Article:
USA v. Samuel Knowles


Opinion issued by court as to Appellant Samuel Knowles. Decision: Affirmed. Opinion type: Non-Published. Opinion method: Per Curiam. The opinion is also available through the Court's Opinions page at this link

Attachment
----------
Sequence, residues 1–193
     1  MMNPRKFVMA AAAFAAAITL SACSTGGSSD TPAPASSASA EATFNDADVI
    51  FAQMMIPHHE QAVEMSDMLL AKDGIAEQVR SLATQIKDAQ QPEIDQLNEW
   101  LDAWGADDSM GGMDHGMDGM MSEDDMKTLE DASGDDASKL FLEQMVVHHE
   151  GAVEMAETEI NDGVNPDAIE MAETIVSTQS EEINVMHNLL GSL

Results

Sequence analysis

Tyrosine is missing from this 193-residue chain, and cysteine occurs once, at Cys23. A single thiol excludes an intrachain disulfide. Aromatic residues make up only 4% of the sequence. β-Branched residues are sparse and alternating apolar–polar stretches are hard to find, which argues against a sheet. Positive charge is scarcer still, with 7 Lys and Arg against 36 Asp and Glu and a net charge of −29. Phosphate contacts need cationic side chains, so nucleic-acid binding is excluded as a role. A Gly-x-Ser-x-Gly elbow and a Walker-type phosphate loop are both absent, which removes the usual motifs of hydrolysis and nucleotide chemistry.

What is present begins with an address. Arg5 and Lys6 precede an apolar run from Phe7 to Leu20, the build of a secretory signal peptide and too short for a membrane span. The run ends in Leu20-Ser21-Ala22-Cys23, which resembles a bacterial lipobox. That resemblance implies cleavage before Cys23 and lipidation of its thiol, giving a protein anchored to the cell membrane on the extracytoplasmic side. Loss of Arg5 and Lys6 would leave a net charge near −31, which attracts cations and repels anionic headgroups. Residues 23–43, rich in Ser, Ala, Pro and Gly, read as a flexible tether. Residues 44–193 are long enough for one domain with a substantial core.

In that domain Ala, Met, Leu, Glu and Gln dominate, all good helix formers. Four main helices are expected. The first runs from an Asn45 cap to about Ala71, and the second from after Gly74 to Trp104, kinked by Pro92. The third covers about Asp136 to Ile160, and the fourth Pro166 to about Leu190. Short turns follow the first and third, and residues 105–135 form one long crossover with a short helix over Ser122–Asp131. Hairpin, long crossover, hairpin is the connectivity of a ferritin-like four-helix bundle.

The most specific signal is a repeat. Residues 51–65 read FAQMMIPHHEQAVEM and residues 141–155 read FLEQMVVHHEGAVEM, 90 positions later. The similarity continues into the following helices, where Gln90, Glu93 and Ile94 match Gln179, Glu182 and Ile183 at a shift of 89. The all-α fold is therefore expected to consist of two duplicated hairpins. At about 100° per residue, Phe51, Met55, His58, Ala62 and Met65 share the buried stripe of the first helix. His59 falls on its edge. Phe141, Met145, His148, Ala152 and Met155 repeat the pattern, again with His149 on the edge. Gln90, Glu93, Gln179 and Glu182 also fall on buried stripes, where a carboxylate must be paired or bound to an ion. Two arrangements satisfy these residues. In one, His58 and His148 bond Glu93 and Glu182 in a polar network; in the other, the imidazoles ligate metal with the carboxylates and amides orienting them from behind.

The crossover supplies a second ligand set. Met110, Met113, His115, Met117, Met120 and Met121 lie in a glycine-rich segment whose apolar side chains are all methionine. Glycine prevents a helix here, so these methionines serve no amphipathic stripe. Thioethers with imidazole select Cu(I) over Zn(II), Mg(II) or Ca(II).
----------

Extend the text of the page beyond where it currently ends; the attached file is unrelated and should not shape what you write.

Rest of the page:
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Case: 17-10177 Date Filed: 07/24/2017 Page: 1 of 3 [DO NOT PUBLISH] IN THE UNITED STATES COURT OF APPEALS FOR THE ELEVENTH CIRCUIT ________________________ No. 17-10177 Non-Argument Calendar ________________________ D.C. Docket No. 1:00-cr-00425-JIC-6 UNITED STATES OF AMERICA, Plaintiff-Appellee, versus SAMUEL KNOWLES, Defendant-Appellant. ________________________ Appeal from the United States District Court for the Southern District of Florida ________________________ (July 24, 2017) Before TJOFLAT, MARCUS and WILLIAM PRYOR, Circuit Judges. PER CURIAM: Samuel Knowles, proceeding pro se, appeals the district court’s denial of his motion to correct an error in the record, filed pursuant to Fed. R. Crim. P. 36. On Case: 17-10177 Date Filed: 07/24/2017 Page: 2 of 3 appeal, Knowles contends that Rule 36 permits an alteration of the drug amount in his presentence investigation report (“PSI”). After thorough review, we affirm. We review de novo the district court’s application of Rule 36 to correct its judgment at sentencing. United States v. Portillo, 363 F.3d 1161, 1164 (11th Cir. 2004). Rule 36 instructs that a district court “may at any time correct a clerical error in a judgment, order, or other part of the record, or correct an error in the record arising from oversight or omission.” Fed. R. Crim. P. 36. However, Rule 36 may not be used by a court to make a “substantive alteration” to a defendant’s sentence. Portillo, 363 F.3d at 1164 (quotation omitted); see also United States v. Whittington, 918 F.2d 149, 151 (11th Cir. 1990) (holding that Rule 36 was inapplicable when a court order “fundamentally changed the sentence appellant had earlier received”). Instead, Rule 36 is a remedy for errors that are “minor and mechanical in nature.” Portillo, 363 F.3d at 1165. Here, the district court did not err in denying Knowles’s Rule 36 motion. In the Rule 36 motion, Knowles requested that the paragraphs in his presentence investigation report (“PSI”) detailing uncharged conduct be removed from the PSI -- in other words, he specifically sought to alter the court’s drug amount calculation, which served as the basis of his base offense level and his guideline calculations. Altering the drug amount, and ultimately the base offense level in Knowles’s PSI, would fundamentally change the proceedings underlying the 2 Case: 17-10177 Date Filed: 07/24/2017 Page: 3 of 3 sentence he received. He is not seeking to correct a clerical error. Portillo, 363 F.3d at 1164. Because he requested a substantive, not clerical, change to his PSI, Rule 36 does not apply. See id.; Whittington, 918 F.2d at 151. Moreover, the district court could not have construed Knowles’s motion under a different rule to provide relief. Indeed, the court lacked jurisdiction to construe Knowles’s Rule 36 motion as a § 2255 motion because he previously filed a § 2255 motion that was denied with prejudice, and he had not obtained authorization from this Court to file a second or successive § 2255 motion. See United States v. Holt, 417 F.3d 1172, 1175 (11th Cir. 2005) (holding that a district court lacks jurisdiction to review a second or successive § 2255 motion where the movant failed to obtain authorization to file the motion from this Court). Accordingly, we affirm. AFFIRMED. 3

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